By Brendan Ryan, Golf Placement Services

If you’re a die-hard college golf fan, and have been watching the regional coach’s announcements recently, you will have noticed that there are a lot of jobs open. While some jobs are the result of people retiring, it is also the beginning of the coach’s recruitment period, when college athletic directors start firing, hiring, and making very important decisions about college golf. Many that will impact you, as you enter the recruiting process yourself. You and these coaches will be communicating often over the next several months as you prepare to embark on your journey to college.

I know several people who I consider to be very good coaches with strong characters who were recently fired from their positions. In considering what happened in each situation, I now realize that many college administrators may not be making the best decisions for their respective colleges and their student athletes, and I want to take time to explain my point of view.

Despite what many people think, coaching college golf is not an easy job. In fact it is downright hard. Many coaches do not have an assistant. Some of them even have to juggle and women’s and men’s program. They have to be excellent recruiters, managers of budgets, builders of an attractive and competitive golf schedule. And all the time they must adhere to all the NCAA regulations. These challenges are real and make the job very demanding. Yet, despite all these demands, today college coaching is in better shape than ever. Now we have to work to keep it that way.

When I was a young coach, I worked at many junior camps at major colleges like Duke, Purdue and Wake Forest. I remember the days as being long, the kids being bad at golf and the weather always being hot. I also remember completing our tasks each day and then watch as the elite coaches like Nick Clinard, Ben Hannan and Grant Robbins going back to the dorms and get started on the days recruiting assignments. They were tenacious and driven to succeed. Coaching is a career that is taken very seriously. Today not only is D1 filled with stud players, but coaches are better than ever.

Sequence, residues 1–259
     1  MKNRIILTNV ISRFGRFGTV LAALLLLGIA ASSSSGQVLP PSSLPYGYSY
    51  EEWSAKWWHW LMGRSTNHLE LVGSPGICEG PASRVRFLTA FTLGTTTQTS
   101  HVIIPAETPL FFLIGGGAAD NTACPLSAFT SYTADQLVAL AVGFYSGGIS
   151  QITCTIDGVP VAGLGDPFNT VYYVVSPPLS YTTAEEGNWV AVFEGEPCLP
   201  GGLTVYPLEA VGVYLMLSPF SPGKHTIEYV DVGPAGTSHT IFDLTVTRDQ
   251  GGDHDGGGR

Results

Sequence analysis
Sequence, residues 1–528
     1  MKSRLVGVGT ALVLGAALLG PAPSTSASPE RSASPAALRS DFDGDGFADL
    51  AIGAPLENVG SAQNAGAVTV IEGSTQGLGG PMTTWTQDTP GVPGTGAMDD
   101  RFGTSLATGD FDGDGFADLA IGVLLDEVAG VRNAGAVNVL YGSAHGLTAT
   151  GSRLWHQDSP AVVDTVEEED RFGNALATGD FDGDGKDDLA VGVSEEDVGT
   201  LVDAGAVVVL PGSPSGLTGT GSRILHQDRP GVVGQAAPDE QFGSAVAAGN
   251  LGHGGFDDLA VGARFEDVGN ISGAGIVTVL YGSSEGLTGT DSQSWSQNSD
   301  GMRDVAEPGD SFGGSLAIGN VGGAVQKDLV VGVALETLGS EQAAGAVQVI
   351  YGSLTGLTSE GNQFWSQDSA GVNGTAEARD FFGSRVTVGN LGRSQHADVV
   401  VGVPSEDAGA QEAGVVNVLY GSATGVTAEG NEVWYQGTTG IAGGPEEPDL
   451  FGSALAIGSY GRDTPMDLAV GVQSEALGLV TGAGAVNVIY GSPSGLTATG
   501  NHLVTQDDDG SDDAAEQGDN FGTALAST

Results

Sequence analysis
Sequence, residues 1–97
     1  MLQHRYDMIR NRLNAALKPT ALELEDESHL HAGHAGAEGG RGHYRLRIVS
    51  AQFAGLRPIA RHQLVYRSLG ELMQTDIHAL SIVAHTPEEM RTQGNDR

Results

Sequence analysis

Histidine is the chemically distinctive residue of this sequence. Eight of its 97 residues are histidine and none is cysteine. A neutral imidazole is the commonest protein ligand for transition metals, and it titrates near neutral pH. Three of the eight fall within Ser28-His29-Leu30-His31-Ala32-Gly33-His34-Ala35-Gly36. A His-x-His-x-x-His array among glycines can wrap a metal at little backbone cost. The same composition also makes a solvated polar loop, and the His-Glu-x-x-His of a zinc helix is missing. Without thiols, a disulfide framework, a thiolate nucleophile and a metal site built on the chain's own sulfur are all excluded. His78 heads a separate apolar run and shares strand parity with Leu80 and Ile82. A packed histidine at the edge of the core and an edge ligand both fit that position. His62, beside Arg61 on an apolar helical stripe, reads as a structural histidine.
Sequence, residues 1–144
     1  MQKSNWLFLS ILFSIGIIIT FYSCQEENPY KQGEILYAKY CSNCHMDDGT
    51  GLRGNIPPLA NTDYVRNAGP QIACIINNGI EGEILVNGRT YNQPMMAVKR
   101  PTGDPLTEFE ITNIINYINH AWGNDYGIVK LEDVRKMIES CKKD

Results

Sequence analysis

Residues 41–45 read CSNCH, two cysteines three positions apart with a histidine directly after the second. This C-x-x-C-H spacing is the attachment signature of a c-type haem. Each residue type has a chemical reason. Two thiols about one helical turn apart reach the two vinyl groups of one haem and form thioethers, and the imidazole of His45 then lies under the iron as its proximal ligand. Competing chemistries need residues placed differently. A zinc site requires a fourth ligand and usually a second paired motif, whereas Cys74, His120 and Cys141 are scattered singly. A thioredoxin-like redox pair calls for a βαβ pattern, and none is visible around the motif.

Attracting top talent is not easy. It’s a full-time job that demands all a coach has to offer. This may include facilities and scholarship allocation, something coaches do not always control. Yet when a team under performs it is always on the coach, as to why.

The reality is that instead of supporting coaches with the necessary tools to build a successful program, some administrators actually make it worse. They are the ones responsible for creating situations where coaches are going to struggle to compete because of a lack of funding or facilities.

Even in situations where coaches are supported with tools like scholarships, facilities and more, they face another challenge. Administrators who demand that coaches both win, as well as create an outstanding college experience for their student athletes.  It is a ridiculous contradiction; to make kids better you have to push them. But push too hard and the kids can rebel. Or worse yet, get you fired. It’s not right and demonstrates a complete lack of understanding from the administration.

The reality is that college coaching is in outstanding shape but is still facing real obstacles. These are issues that need to be addressed to make sure that coaching can continue to be a sustainable job that attracts quality candidates for these jobs. I believe that with the help of administrators, some of these issues can be addressed and solved, which will result in better outcomes for everyone involved. I hope that this article stimulates conversation that pushes college golf forward and makes it a better place or players and coaches alike. Thanks for reading.